Emphasis of High-Frequency Amplification for Patients with SSD
The importance of amplification via percutaneous systems is definitely not limited to pediatric applications. For both adults and children with SSD, the goal that we have through providing bone anchored treatment in the first place is to lift the head-shadow effect. As this effect exists above 1500 Hz, it is only the high frequencies with which we are concerned. We do not want to amplify the low frequencies for these patients, because that might disturb the natural hearing occurring in their good, contralateral ear. In the end, that would lead to poorer performance when listening in the presence of background noise. As you have seen, percutaneous solutions are really the ones that can offer this high-frequency amplification.
Additionally, when we are sending a sound signal from the deaf side across the skull, we know that it will lose some strength because of transcranial attenuation, mainly from 2000 Hz and up. Because of this, even more high-frequency amplification is needed, and the best way to provide that is by using a percutaneous device.
Since only direct drive solutions can provide the necessary amplification, fitting a skin drive solution or indirect drive solution for an SSD patient will most likely lead to poor results. Another consideration for fitting a device with more high-frequency amplification is the increased likelihood of feedback. Within Inium feedback shield, which is a technology that we share with our sister company Oticon, Ponto devices can provide this needed amplification without worrying about bothersome feedback.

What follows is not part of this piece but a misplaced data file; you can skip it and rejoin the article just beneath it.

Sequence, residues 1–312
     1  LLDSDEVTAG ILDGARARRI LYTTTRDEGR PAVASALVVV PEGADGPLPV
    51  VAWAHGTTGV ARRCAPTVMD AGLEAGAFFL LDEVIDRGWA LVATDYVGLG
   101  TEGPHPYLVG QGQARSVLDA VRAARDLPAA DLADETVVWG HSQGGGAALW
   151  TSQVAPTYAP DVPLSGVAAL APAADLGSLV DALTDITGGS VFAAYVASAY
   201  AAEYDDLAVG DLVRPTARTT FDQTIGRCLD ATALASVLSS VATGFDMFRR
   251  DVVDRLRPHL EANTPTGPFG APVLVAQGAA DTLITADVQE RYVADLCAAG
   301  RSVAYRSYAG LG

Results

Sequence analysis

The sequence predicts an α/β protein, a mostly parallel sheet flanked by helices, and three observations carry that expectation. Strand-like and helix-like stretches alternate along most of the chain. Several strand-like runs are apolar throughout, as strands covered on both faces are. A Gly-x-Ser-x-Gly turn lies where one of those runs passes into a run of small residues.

Patients with mixed hearing loss should also be considered here. Since we have to compensate for hearing loss that in their good cochlea, we must be sure that the device that we use is going to be powerful enough for them. The skin attenuation plus the additional cochlear amplification is going to leave very little headroom for this patient. Only a power bone anchored sound processor, like a Ponto Plus Power (Figure 4), can provide the necessary amplification for these kinds of patients.
Figure 4. Ponto Plus Power.
As we saw with SSD patients earlier, mixed hearing loss patients require additional amplification that might cause feedback. Ponto has an effective feedback management system, and it ensures that the prescribed gain is not cut down due to a feedback limit, that patients are not disturbed by feedback, and also importantly that they can turn up the volume on their device, if they wish.
What Patients Should Know about Skin Drive versus Direct Drive BAHS
How do you convey to your patients the importance of using a percutaneous system when they are sitting in your office? There are benefits and limitations to each of the different solutions from all manufacturers, and we have to be prepared to discuss them all with our patients. That is why we encourage audiologists to support informed decisions.